Title: Re: Cleaning Shapeways FUD
Post by: baschurch-mike on April 01, 2016, 01:48:36 PM
Hi All,

The Americans do use a lot of Bestine but it is expensive and only available from one source in the UK. More importantly it makes aviation fuel look like water so you wouldn't want it around the house or garage. Hence the questions about other chemicals.

So far nobody has suggested using an ultrasonic cleaning bath in conjunction with IPA. Has anybody tried it? And is Surgical Spirit a good substitute for IPA or is it not pure enough?

Happy Times,

Mike Beard
Title: Re: Cleaning Shapeways FUD
Post by: NTrain on April 01, 2016, 02:41:25 PM
Bob,

You mention stove cleaning spray. Can you give us a brand name as there are all sorts of stoves and therefore many forms of spray!

Thanks in Advance,

Mike Beard

Afraid my notes are a combination of various different sources, so I do not have all the specifics.
Title: Re: Cleaning Shapeways FUD
Post by: robert shrives on April 03, 2016, 08:26:05 PM
Hi
fairy power spray has been mentioned on RM Web before now but I have no personal experience so over to you !!

Just used CIF and a toothbrush on my 180 body as part one of cleaning - will get a white spirit tonight and a futher CIF and rinse.
cheers
Robert
Title: Re: Cleaning Shapeways FUD
Post by: Oldman on April 04, 2016, 12:06:21 PM
IPA in an ultrasonic cleaner here , then a quick brush with a cheap battery powered toothbrush and rinse with distilled water.  No problems yet but be careful with the brush on small bits that stick up on the model.
Title: Re: Cleaning Shapeways FUD
Post by: baschurch-mike on April 04, 2016, 12:15:32 PM
Hi Folks,

India Pale Ale in an Ultrasonic cleaner, whatever next?

Seriously I've spent a while just cleaning up the body and smoothing it using Albion Alloys cleaning sticks, then going round places with various dental probes. Next is a wash in warm water and a "cream" cleaner as there seems to almost a light oil on some bits and then a rinse and then a while - how long? - in surgical spirit.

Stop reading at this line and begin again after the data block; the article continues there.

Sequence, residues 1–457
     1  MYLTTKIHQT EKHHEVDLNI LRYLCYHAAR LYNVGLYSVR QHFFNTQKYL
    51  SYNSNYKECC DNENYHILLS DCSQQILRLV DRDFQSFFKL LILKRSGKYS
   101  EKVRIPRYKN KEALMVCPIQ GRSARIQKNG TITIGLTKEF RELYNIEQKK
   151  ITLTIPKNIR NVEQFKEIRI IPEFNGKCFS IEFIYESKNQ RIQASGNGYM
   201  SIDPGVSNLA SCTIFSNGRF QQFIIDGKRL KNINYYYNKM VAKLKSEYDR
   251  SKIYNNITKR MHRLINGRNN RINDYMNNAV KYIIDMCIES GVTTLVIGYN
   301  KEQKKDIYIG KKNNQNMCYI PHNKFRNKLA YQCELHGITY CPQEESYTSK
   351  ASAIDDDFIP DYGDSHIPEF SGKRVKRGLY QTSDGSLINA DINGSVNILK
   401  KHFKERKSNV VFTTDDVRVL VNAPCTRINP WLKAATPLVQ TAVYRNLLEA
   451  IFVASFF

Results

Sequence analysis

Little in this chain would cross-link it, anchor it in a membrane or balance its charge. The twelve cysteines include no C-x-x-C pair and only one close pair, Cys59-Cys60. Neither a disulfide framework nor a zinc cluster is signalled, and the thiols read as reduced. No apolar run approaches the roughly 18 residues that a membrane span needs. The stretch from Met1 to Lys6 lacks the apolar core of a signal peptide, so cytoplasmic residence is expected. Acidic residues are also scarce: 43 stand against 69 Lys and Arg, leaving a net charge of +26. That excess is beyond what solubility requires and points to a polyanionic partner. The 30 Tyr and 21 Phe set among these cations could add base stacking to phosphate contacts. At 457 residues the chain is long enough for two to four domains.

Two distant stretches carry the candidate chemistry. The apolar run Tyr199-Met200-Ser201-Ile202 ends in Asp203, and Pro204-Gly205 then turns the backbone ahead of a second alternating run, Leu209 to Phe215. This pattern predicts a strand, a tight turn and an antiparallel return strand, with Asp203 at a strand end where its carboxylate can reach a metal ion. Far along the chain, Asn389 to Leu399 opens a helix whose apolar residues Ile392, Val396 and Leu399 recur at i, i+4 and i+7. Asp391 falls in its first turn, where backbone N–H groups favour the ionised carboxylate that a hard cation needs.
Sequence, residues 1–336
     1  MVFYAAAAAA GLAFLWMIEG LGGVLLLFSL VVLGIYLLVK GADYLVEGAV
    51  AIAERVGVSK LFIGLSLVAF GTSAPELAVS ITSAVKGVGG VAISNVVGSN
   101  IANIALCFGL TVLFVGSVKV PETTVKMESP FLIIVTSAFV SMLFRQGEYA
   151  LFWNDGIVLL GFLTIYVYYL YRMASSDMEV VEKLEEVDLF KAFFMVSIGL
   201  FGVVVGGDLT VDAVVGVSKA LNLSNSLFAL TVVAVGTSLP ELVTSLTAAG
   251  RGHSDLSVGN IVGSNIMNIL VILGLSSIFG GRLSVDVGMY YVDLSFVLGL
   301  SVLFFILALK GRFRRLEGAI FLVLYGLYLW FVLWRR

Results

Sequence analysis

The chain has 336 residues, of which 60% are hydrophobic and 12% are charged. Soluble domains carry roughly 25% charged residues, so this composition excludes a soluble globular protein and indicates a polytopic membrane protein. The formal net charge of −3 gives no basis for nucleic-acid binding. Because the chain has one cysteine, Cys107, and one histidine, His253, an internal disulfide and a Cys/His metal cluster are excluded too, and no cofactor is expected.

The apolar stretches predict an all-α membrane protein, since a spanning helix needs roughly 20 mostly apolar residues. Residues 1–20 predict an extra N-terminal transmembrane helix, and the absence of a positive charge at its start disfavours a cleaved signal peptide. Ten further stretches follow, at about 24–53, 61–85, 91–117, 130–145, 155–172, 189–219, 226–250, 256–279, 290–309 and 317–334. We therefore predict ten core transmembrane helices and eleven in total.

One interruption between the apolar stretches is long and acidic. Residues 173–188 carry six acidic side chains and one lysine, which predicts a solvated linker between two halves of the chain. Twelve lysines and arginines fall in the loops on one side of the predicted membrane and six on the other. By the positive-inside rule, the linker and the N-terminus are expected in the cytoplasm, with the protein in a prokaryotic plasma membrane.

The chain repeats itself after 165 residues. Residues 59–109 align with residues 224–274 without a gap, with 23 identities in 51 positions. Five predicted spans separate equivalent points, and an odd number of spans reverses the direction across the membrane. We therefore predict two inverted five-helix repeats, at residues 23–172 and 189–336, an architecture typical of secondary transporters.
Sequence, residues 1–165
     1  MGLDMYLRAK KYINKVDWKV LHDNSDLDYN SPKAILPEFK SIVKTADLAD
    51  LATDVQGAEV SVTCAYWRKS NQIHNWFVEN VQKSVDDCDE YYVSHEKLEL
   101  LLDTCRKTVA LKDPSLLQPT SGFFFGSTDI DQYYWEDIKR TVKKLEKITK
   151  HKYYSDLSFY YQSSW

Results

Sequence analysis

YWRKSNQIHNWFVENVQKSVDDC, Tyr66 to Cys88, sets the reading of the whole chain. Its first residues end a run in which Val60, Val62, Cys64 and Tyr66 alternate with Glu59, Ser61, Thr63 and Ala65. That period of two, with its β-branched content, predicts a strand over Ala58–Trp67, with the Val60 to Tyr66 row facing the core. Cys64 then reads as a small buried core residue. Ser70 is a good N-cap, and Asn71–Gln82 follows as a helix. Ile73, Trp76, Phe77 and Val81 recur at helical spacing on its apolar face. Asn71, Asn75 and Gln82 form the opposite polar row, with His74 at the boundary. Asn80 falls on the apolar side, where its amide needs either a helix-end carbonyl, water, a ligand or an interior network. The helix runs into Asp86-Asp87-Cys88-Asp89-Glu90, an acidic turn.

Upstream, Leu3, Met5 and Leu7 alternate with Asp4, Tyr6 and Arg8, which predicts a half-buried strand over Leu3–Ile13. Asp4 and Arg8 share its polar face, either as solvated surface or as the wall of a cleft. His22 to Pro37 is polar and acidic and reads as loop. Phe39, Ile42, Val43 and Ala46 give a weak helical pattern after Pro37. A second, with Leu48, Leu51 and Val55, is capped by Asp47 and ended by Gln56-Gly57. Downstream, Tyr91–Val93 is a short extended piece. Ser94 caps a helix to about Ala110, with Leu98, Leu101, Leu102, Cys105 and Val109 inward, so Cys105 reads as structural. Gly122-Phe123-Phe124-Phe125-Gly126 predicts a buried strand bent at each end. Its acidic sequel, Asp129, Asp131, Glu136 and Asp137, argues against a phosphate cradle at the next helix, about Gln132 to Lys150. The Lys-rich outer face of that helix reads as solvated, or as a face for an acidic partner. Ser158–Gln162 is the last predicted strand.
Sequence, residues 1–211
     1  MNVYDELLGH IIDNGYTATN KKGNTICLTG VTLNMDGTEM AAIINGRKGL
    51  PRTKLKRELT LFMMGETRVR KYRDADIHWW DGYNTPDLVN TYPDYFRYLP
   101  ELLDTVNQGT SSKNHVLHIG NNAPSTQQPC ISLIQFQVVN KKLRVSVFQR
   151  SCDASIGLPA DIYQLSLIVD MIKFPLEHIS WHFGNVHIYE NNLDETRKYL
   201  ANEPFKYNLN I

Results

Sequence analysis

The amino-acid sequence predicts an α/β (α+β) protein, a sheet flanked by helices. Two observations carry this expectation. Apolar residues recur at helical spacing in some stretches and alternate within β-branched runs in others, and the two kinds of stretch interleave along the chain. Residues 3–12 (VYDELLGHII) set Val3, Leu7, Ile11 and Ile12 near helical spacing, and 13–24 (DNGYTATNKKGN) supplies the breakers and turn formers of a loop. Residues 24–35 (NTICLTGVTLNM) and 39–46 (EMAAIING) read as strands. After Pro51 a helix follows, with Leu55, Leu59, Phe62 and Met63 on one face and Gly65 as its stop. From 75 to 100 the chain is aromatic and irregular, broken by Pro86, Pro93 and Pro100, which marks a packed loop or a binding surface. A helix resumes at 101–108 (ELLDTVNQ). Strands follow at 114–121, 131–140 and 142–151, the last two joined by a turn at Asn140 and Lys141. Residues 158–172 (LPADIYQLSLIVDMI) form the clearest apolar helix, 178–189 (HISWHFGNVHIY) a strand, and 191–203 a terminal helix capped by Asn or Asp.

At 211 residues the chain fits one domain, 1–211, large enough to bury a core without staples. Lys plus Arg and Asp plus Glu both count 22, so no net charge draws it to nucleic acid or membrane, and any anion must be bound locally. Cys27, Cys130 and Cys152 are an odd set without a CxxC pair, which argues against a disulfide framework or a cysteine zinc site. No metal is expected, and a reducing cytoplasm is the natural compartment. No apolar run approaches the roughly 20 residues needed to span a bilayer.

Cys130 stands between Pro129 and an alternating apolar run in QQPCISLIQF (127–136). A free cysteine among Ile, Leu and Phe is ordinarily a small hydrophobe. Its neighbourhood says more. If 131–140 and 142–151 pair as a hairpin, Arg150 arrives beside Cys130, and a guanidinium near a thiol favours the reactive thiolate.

Does this sound right? Incidentally Sainsburys sell two soft toothbrushes for 25p and they should be amirable for the job of gently cleaning.

Mike Beard
Title: Re: Cleaning Shapeways FUD
Post by: baschurch-mike on April 08, 2016, 06:49:33 PM
OK, so I've cleaned the body now.

I read that perhaps it's a good idea to give it a coat of "Mr Surfacer" either 500 or 1000. Has anybody out there done this? What was the result?Or is it better to just go to Halfords Fine Grey Undercoat?

Opinions, experience please,

Thanks in Advance,

Mike Beard.
Title: Re: Cleaning Shapeways FUD
Post by: Snowwolflair on May 14, 2016, 07:52:52 PM
Just used BESTINE in an ultrasonic tank.  Wax stripped in 4 minutes, and snow white FUD as soon as it dries. :laugh3: :bounce:

I'm a convert, now where to get it in the UK?

 :NGaugersRule:
Title: Re: Cleaning Shapeways FUD
Post by: James320 on May 17, 2016, 08:26:07 AM